How I teach SBI using R

RPruimR Pruim, Calvin College

I’m not writing to convince you that you should use R to teach simulation-based inference (SBI). My goal is to convince you that you can use R for SBI, even with students (and instructors) who have never used R before. Along the way I’ll mention some guiding principles and illustrate some tools that my colleagues Danny Kaplan and Nick Horton and I have assembled in the mosaic R package to make SBI (and EDA and traditional inference procedures) much easier.

The biggest key to using R well is to provide a lot of creative opportunity with as little R as possible.

If you are unfamiliar with R, this post will be too short to give you a good introduction, but I hope it will make you curious enough to find out more. See the references for places to learn more about R and teaching with R.

Less Volume, More Creativity

I find that using the mosaic package keeps the focus on what is important (thinking about where randomization enters and why, and what to do with the distribution once we have it) while hiding distracting details (looping structures, extracting the relevant information from R objects, etc.).

The biggest key to using R well is to provide a lot of creative opportunity with as little R as possible. There can be a lot of ways to skin a cat in R, what you need is a systematic approach that allows you to economically achieve your goals. If technology is the most difficult thing in your course, then your technology is too hard or your questions are too simple (probably both). On the other hand, if your students are able to guess how to do new things in R before you show them, then you will know you are on the right track.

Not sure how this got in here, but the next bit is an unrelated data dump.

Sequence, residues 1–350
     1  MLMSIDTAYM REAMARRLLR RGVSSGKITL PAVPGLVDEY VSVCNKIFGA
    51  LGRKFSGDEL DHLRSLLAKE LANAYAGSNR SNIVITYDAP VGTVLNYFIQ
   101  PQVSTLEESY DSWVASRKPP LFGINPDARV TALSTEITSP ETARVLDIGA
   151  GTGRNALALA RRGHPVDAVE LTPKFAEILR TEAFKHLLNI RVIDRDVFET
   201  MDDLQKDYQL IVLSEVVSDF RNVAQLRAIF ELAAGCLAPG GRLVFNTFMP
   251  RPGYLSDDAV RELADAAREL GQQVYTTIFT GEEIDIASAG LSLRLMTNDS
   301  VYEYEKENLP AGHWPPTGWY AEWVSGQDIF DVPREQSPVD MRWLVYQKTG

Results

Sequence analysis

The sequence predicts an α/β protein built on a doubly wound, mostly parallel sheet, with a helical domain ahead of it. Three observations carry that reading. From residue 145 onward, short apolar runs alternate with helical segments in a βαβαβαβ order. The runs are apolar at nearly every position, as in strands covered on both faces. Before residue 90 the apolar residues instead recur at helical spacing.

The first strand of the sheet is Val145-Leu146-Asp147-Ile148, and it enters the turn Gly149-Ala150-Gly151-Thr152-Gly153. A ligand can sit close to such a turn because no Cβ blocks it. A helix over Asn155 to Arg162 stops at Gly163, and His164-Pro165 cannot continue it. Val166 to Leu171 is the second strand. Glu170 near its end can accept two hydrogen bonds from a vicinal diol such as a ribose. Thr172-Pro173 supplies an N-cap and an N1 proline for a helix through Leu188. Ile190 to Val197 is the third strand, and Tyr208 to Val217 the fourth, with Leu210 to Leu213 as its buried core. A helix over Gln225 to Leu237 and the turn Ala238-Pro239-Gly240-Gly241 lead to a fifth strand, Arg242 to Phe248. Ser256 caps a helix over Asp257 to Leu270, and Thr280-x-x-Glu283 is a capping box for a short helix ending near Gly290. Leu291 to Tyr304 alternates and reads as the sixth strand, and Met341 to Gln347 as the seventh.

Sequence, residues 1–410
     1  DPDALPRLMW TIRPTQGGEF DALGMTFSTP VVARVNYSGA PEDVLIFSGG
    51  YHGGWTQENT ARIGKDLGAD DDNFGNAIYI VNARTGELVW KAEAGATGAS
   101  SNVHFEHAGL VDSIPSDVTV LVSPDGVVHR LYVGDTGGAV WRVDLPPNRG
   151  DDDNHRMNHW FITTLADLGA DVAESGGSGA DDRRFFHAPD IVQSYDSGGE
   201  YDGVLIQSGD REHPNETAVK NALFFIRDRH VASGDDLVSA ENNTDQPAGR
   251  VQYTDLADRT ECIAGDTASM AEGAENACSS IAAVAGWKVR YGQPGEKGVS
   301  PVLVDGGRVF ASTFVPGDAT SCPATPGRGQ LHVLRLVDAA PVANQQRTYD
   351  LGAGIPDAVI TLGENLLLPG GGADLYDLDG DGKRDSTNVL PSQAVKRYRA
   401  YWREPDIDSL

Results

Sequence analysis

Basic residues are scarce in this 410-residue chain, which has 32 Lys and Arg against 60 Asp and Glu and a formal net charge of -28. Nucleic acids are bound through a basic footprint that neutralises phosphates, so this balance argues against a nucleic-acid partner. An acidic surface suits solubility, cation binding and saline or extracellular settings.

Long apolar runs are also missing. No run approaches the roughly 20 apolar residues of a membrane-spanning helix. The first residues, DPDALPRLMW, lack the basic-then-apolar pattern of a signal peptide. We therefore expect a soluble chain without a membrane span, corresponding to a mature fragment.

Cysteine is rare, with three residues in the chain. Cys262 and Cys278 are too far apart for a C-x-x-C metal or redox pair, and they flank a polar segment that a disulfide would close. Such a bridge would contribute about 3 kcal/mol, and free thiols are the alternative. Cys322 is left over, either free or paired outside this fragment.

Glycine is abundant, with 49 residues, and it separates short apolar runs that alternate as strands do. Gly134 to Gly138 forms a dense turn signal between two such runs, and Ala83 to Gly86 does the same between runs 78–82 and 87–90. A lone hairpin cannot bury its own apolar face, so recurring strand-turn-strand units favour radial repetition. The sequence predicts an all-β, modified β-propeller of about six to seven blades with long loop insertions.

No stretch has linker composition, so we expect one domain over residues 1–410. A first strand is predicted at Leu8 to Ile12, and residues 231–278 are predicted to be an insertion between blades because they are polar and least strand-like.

An example: The Lady Tasting Tea

I typically introduce inference on the first day doing a hypothesis test for a proportion “informally”. I don’t use terms like null hypothesis, or p-value, but all the big ideas are introduced.

Often I use some variation on Fisher’s Lady Tasting Tea example because I find that students remember it well and I can refer back to it as a motivating example for the rest of the semester. I find the example works equally well in an Intro Stats course as in my upper level courses, and I like that it connects them in a small way to the history of the discipline.

Let’s see how we can test whether the lady is just guessing given that she correctly identifies 9 of 10 randomly prepared cups of tea. Guessing is like flipping a coin, so mosaic provides a coin flipper:

require(mosaic)    # load the mosaic package
rflip()            # think: random flip
## 
## Flipping 1 coin [ Prob(Heads) = 0.5 ] ...
## 
## H
## 
## Number of Heads: 1 [Proportion Heads: 1]

Since our design calls for 10 cups of tea, we need to flip 10 coins. Fortunately, we don’t have to use rflip() ten times and record the results manually. We just ask for 10 flips.

rflip(n = 10)
## 
## Flipping 10 coins [ Prob(Heads) = 0.5 ] ...
## 
## H H H T T T H H H T
## 
## Number of Heads: 6 [Proportion Heads: 0.6]

Now we need to do this a lot of times. The do() function provides an easy syntax and is clever about how it stores the results, in this case storing the number of flips, number of heads, number of tails, and proportion that are heads.

do(1000) * rflip(n = 10)   # do 1000 times 
##    n heads tails prop
## 1 10     6     4  0.6
## 2 10     5     5  0.5
## 3 10     4     6  0.4
## <997 lines omitted>

Of course, we should look at this some other way than by having it all scroll past on our screen. Let’s save the results and look at numerical and graphical summaries.

GuessingLadies <-
  do(1000) * rflip(n = 10)  # simulate 1000 guessing ladies
tally(~heads, data = GuessingLadies)
## 
##   0   1   2   3   4   5   6   7   8   9  10 
##   2   5  50 111 202 241 216 105  57  10   1
histogram(~heads, data = GuessingLadies, width = 1)

Based on our simulation, it appears that someone can get 9 or 10 just by guessing only about 1.1% of the time.

If we want to have a more precise estimate of this proportion (the p-value), we can increase the number of times we do() things. We could also 999 (or 9999) instead of 1000 and include the observed statistic in the null distribution as recommended in the article Tim Hesterberg previews in this SBI blog post.

Grand Tour of Randomization Distributions

If we want to test for a different proportion (e.g., 0.25), we simply tell rflip() the probability of obtaining heads (p) and the size of our sample (n = 100 in the example below):